Powell, who joined the Fed as a governor in 2012, did not anticipate being named chair when Trump was elected. With a pre-Fed career that had included eight years as a partner at The Carlyle Group, one of the world’s largest private equity firms, and no formal economics training, he had instead eyed the vice chair for supervision position eventually filled by Randal Quarles. He was confirmed as Fed chair on an 84-13 vote, with Warren and Kamala Harris, now Biden’s vice president, among those opposing him.
He soon ran afoul of Trump, who hurled unprecedented public broadsides against Powell over Twitter and in frequent media appearances. At one point Trump labeled Powell an “enemy” of the United States for raising interest rates and explored whether he could fire him.
Powell not only survived but arguably grew in the job.
Initially hawkish as a governor, upon assuming the helm for U.S. monetary policy he considered himself a student at first, paying particular attention to arguments over whether the Fed’s focus on inflation had disadvantaged workers. The years since the 2007 to 2009 financial crisis had convinced many that was the case.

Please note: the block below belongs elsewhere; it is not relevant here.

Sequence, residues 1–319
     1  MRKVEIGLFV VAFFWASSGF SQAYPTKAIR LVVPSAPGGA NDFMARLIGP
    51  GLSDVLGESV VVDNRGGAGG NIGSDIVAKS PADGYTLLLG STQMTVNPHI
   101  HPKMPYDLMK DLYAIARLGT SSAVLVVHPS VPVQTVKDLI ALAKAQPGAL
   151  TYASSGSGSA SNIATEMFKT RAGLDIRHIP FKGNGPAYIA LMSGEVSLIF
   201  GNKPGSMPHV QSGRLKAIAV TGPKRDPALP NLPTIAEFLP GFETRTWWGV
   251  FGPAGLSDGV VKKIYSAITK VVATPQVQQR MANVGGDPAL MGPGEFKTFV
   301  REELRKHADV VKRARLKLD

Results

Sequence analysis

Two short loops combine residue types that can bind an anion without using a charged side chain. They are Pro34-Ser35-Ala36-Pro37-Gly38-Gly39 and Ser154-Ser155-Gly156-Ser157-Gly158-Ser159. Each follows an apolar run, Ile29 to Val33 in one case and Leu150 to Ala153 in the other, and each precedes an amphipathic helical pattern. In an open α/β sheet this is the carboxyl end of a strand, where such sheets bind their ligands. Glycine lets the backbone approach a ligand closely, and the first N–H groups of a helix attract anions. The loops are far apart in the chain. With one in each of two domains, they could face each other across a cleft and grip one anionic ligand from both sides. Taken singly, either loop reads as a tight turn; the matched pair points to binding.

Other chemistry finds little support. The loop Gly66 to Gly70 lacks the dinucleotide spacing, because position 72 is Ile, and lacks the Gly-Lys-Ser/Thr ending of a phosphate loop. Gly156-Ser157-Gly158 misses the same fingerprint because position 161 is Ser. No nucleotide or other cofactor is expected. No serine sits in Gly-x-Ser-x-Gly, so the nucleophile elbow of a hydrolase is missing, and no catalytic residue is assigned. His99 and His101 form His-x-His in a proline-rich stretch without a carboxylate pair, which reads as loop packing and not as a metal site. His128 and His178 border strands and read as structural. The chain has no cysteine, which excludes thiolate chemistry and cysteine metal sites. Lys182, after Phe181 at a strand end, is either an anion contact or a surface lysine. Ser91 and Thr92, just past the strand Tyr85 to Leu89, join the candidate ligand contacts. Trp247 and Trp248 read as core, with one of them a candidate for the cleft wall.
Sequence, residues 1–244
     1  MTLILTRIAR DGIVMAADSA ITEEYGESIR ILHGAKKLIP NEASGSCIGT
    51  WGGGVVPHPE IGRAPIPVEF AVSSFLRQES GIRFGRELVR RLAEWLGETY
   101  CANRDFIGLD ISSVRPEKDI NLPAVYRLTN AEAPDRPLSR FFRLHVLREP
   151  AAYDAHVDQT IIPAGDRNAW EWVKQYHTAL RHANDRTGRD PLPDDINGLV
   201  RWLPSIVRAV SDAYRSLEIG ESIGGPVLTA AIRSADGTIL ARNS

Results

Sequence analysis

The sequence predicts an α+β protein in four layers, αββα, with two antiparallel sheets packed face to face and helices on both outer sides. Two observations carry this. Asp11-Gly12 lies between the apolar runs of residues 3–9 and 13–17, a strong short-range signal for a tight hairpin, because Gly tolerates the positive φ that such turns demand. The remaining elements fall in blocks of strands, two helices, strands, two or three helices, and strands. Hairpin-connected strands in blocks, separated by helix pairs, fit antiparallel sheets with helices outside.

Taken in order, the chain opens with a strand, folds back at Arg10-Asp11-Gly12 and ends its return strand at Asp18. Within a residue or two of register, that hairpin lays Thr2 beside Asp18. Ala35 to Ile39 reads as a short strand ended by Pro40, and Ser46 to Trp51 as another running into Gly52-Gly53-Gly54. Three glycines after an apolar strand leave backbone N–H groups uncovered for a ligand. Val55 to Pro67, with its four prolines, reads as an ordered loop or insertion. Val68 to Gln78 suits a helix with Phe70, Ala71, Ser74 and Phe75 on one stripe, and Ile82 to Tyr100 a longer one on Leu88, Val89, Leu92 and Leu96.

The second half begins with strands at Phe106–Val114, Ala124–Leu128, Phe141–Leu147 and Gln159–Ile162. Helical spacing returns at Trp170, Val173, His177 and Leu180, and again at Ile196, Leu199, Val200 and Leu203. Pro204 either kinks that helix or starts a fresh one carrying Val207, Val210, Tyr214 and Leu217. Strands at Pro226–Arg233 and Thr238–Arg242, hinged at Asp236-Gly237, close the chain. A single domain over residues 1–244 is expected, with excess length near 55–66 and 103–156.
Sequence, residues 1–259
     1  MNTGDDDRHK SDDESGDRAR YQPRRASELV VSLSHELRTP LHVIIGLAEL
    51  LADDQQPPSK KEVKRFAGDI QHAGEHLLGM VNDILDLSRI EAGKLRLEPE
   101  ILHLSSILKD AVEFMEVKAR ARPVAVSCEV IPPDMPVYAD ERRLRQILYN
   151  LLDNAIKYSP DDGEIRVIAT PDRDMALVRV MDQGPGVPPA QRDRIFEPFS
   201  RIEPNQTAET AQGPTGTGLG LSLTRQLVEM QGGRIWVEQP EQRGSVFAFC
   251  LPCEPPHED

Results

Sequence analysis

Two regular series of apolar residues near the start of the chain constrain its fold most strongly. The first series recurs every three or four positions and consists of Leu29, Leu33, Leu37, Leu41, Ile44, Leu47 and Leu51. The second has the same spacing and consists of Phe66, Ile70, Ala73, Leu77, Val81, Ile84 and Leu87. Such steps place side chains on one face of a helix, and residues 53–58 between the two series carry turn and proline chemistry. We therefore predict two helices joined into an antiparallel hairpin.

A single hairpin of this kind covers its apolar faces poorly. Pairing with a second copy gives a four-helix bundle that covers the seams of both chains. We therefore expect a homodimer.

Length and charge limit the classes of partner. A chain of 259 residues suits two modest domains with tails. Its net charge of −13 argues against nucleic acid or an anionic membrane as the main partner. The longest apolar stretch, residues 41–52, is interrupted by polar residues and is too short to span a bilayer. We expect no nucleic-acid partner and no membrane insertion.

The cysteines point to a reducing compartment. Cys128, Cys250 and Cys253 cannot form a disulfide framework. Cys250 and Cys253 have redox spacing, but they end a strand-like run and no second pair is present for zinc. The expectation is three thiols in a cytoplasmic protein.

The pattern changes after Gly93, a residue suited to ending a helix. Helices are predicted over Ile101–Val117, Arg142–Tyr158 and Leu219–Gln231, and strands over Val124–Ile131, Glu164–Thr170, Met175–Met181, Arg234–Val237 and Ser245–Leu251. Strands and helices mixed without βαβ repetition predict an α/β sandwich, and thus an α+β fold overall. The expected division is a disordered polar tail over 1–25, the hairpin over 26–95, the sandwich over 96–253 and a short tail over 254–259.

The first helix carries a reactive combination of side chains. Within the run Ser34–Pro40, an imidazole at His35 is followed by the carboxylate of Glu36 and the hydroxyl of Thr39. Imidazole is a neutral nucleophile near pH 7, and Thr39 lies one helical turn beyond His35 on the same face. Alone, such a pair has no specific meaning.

In November 2018, Powell launched a policy review that culminated in August 2020 with the adoption of an approach allowing economic expansions to run longer and “hotter,” with temporarily higher rates of inflation. Ideally that would lead to job gains that reach broadly into society and narrow the gaps in unemployment among different demographic groups.
It was an approach that conformed to what seemed then to be the changing nature of the U.S. economy, with embedded low inflation and low interest rates, and adapted as well to the demands of a pandemic crisis that threatened a permanent hole in the U.S. job market.
Just over a year into that new approach, however, inflation is running at levels not seen in decades as resurgent demand for goods and services outstrips the supply of materials and labor in an economy still shaking off the rust of pandemic shutdowns.
“The new leadership team faces some very tough calls in the period ahead,” wrote Evercore ISI vice chair Krishna Guha.
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Reporting by Howard Schneider and Jeff Mason; Editing by Dan Burns and Andrea Ricci